Falling Inventories Push Oil Prices Up More Than $2, to $61

Oil prices leapt more than 3 percent to over $61 Wednesday after other OPEC members followed Saudi Arabia's lead in enforcing output cuts and U.S. fuel stocks unexpectedly fell.

Prices also drew strength from news of fresh strife in Nigeria, where militant unrest has shut in more than a quarter of the OPEC member's production capacity.

U.S. light crude settled up $2.05, or 3.45 percent, to $61.40 a barrel. London Brent was $2.19 higher at $62.05 a barrel.

U.S. crude had already risen 54 cents Tuesday after Abu Dhabi's state oil firm told major customers it would cut crude exports by about 5 percent in November.

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On Wednesday, an Iranian official said Iran had also informed customers it was cutting supplies by 176,000 barrels per day (bpd) in November.

Leading OPEC producer Saudi Arabia, which is shouldering the greatest part of a 1.2 million bpd production cut agreed last week, had told clients earlier this week it would reduce November supplies.

A Nigerian official said its national oil company would maintain a 5 percent output cut in November after a voluntary 5 percent cut to October supplies.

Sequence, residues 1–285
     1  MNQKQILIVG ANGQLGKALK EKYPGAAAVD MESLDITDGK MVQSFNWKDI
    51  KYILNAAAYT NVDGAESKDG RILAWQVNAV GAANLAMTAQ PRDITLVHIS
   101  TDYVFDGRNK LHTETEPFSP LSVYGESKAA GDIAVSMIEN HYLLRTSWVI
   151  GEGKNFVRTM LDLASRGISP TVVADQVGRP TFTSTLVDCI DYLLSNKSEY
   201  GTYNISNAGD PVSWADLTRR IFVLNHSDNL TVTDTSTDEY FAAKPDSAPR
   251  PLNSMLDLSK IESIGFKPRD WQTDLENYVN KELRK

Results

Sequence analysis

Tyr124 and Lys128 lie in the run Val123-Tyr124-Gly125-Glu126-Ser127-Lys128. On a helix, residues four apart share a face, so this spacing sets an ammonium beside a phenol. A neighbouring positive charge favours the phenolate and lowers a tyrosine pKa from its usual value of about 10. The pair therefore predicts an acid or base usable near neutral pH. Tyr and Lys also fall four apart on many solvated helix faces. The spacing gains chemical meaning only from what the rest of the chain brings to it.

Nigeria's production has also been disrupted by militant attacks and on Wednesday oil company sources said villagers had invaded four pumping stations in Nigeria's southern Delta.

It was not immediately clear how much impact the invasion had had on oil supplies.

US INVENTORIES FALL

Even without OPEC supply curbs, U.S. oil imports fell last week causing U.S. crude inventories to fall by 3.3 million barrels, according to U.S. government data released on Wednesday, above analyst expectations.

At the same time, distillate stocks, including heating oil, fell by 1.4 million barrels, compared with the 1.1 million barrel decline forecast.

Gasoline inventories, which had been expected to decrease by 600,000 barrels, dropped by 2.8 million barrels.

Doubts OPEC would abide by its agreement helped to push U.S. crude down to $56.55 a barrel last week, the lowest level this year.

Some analysts still say OPEC has yet to prove its determination, but others said the producer group had gained experience in how to stave off any price collapse that it would now put to good use.

"They have learnt a considerable amount in the last few years about micro-managing the market," said John Waterlow of Wood Mackenzie consultancy.

OPEC's success in shoring up the market could also depend on the weather.

Temperatures in the U.S. Northeast, the biggest oil consuming region in the world, will be colder than usual and higher heating demand was expected over the next five days, U.S. based private forecaster Meteorlogix said on Tuesday.

Private WSI Corp on Monday predicted warmer-than-normal Northeast temperatures in November, but said they would be followed by cooler weather in December and January.

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